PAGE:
There has been widespread criticism of the figures which reveal during the months of October and November 385 patients were forced to wait on trolleys in Sligo Regional Hospital.
The breakdown of the figures reveals 162 patients were forced to wait on trolleys in Sligo during October and 223 patients in November, an increase of 316 on the same period last year.
Commenting on the figures, Deputy Michael Colreavy said the situation was “entirely predictable,” arguing, “It is something Sinn Fein and health spokesperson Caoimhghín O Caolain predicted as long as six years ago.”
Deputy Colreavy apportioned blame the ongoing issue on under investment in “an already inadequate budget” and “a series of failed initiatives to try to improve the workings of the health services.”
Offering solutions as to how the issue of patients lying on trolleys can be addressed Deputy Colreavy said, “We need to dramatically improve the community services. If adequate services were available these people would not be staying in hospital.”
Focusing on the home help service, Deputy Colreavy stated his belief that, “the home help service is the most reasonably costed service and that was cut back to a bare minimum. People who require two or three hours are getting 15 minutes and ending up in hospital.”
Another possible solution highlighted by Deputy Colreavy is the need to “recognise health care is a demand led service. We can’t plan exactly year to year, there has to be some leeway for peaks.”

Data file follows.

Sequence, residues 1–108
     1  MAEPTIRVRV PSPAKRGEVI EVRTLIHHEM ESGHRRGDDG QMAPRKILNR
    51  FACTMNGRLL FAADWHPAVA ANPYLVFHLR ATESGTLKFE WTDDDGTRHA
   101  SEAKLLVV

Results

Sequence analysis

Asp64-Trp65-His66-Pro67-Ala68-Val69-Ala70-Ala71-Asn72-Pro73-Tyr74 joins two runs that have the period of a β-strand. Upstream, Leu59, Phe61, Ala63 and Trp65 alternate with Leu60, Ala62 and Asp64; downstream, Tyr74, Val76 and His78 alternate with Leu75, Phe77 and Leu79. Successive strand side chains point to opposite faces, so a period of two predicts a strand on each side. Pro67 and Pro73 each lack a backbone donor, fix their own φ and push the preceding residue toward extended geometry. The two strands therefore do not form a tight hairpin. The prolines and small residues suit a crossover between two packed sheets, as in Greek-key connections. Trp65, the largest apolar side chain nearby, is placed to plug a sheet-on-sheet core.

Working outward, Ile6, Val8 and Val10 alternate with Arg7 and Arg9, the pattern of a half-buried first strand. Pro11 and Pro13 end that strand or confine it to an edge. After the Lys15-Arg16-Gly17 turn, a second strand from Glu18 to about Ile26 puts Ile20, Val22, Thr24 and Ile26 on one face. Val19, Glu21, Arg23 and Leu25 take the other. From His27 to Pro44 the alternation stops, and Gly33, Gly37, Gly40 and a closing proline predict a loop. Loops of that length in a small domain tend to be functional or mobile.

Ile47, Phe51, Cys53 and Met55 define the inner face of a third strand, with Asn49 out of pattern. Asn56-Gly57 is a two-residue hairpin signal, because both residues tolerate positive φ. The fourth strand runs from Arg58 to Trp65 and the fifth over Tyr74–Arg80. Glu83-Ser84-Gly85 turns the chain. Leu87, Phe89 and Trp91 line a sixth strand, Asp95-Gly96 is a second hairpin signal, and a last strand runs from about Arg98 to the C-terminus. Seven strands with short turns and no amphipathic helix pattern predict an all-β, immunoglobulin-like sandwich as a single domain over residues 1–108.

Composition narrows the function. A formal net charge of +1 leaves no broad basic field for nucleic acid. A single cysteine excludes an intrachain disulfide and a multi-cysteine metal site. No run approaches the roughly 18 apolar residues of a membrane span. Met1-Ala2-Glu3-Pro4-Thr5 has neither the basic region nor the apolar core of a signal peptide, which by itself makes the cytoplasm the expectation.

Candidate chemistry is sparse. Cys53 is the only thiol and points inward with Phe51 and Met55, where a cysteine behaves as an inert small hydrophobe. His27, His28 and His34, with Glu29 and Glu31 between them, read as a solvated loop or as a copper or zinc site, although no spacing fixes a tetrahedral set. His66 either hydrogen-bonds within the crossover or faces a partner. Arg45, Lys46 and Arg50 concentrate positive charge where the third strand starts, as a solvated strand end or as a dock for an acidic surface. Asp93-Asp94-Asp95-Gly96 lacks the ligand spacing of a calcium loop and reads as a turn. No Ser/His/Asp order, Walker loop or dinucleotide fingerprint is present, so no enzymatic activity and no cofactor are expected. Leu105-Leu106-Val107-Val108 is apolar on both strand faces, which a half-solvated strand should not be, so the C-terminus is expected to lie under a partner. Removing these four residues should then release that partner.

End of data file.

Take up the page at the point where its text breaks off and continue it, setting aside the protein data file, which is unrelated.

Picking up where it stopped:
Speaking about the situation which saw 386 patients in hospitals throughout the country wait on trolleys on Monday last Irish Nurses and Midwives Organisation General Secretary Liam Doran said the level of overcrowding is significantly worse (53%) than 2006 when the situation was declared a national emergency by then Minister for Health Mary Harney.
He said it is the worst overcrowding since the INMO began counting trolleys over 10 years ago.
“The overcrowding of our country’s emergency departments is now, undoubtedly, a national emergency and must be viewed as a crisis.
“We must stop pretending that patients can be properly looked after in hospitals that have 10, 20, 30 and 40 people on trolleys, in addition to their normal workload.
“We must also recognise that patients suffer a loss of dignity and privacy which should not be acceptable in this country in any place at any time.”